Through Citespace software, we can make a comprehensive review of the academic research status and hotspot of flamenco field and infer future research trends and what we can see more clearly than other types of review is that this software shows the hotspots and trend in visualized analysis. CiteSpace, commonly advanced by Dr Chen Chaomei, is an intellectual visualization software for analysing and visualizing co-citation networks (Chen, 2006). It was designed to behaviour the visualization electric network. The collaborate networks incorporate authors, institutions, and regions; the co-occurrence network includes terminology, keywords, and categories. The collaborate network is to manifest the community connection with author, organization, and district in a study field; the co-occurrence network is to uncover the development of study hotspots and trends (Chen et al. 2014; Chen, 2005).
Therefore, the objective of this study, with using of the CiteSpaceV software is to analyse and review the flamenco researches, which enables the development of flamenco dance research since 1982 to 2021 to be reported precisely and visually and provides reference information for the further research of flamenco dance in the future.
Materials and methods
The information was gathered from the Scopus and Web of Science Core Collection. This study strategy is used for the research without publishing time limitation: TOPIC: (flamenco) AND TOPIC: (danc* OR baile) AND LANGUAGE: (English OR Spanish) AND DOCUMENT TYPES: (Article OR Review). After the initial screening, 114 related documents were retrieved in WOS, 107 in the Scopus. After removing duplicates and screening records, there are 130 publications in total, database updated on 4 December 2021.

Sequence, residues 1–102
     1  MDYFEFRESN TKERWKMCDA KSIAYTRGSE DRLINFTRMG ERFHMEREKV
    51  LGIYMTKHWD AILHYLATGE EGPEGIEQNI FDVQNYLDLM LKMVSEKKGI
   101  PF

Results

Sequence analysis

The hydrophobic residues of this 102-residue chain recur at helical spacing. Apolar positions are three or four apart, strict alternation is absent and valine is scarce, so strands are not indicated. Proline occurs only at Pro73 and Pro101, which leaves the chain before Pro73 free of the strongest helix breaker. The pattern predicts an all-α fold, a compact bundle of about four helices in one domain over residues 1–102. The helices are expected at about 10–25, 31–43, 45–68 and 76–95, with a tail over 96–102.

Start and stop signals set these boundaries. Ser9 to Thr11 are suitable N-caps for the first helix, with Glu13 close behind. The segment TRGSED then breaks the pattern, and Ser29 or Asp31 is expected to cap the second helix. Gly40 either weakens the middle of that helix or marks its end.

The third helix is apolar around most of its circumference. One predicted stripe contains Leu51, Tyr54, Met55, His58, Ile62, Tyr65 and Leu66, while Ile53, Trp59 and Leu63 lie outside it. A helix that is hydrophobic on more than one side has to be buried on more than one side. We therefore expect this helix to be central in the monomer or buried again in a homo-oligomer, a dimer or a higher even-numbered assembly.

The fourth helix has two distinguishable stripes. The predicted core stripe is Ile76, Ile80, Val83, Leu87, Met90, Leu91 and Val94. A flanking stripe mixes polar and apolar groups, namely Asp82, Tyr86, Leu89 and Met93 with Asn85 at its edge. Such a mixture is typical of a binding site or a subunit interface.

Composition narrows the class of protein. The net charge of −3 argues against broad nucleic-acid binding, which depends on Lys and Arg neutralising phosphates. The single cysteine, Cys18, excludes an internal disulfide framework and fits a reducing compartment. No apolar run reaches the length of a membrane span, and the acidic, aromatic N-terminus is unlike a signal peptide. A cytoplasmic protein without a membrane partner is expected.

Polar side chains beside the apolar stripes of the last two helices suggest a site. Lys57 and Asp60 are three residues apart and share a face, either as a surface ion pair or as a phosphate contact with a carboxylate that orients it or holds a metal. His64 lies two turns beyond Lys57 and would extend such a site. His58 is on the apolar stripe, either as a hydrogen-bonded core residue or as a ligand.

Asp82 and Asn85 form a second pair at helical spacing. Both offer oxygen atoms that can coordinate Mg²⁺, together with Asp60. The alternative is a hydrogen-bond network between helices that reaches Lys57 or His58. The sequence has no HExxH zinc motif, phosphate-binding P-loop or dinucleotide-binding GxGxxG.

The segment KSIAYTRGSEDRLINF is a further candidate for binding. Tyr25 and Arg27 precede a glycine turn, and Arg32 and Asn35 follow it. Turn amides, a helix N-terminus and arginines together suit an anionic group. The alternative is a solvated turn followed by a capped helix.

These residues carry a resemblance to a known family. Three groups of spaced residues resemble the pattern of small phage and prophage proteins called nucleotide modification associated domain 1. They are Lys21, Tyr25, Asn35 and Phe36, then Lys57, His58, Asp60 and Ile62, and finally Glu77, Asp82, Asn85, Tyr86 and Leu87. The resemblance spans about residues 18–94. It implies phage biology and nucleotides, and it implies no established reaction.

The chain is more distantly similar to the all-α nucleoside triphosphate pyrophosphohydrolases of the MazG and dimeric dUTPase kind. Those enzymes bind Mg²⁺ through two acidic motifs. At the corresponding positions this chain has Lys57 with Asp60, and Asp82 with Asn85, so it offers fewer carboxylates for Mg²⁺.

CiteSpaceⅤ were used to parse the literature in this research. It is an intellectual visualization software commonly advanced by Dr Chen Chaomei. It was made use for behaviour visualization electric network. The collaborate network incorporates authors, institutions, and regions; the co-occurrence network includes terminology, keywords, and categories. The collaborate network is to manifest the community connection with author, organization, district in a study field; the co-occurrence network is to uncover the development of study hotspots and trends (Chen et al. 2014). Co-citation is defined as the third article citing two references, it can be one case of co-occurrence, which can include co-occurrence words, as well as co-author, co-region. A reference may be cited for many purposes or for different reasons (Chen, 2013; White & McCain, 1998). However, the cited literature may be cited in a manner similar to the function of citing underlying concepts. Therefore, the visualized map from CiteSpace can identify the structure of patterns and trends and the dynamics of the underlying scientific literature (Braam, Moed, & Van Raan, 1991). The citation tree rings show the citation history of an article. The ring's colour indicates the corresponding citation time. The thickness of the ring is proportional to the number of references in a given period (Chen, 2013).
The 130 documentations downloaded were inputted into the CiteSpace 5.5.R2 software for bibliographic analysis with the time spacing set from 1982 to 2021 (130 records), and content analysis with the time span set 2000 to 2021 (114 records), both with the time part of a place as one piece each year. The nodes of the author, organization, region, and keyword were selected. Selection criteria were g-index, k=15.
1 Time distribution of published papers
The relationship between the number and time of published papers can reveal the research history and development speed in this field and predict its development trend. The time distribution of published papers in the field of flamenco dance research is shown in Figure 1.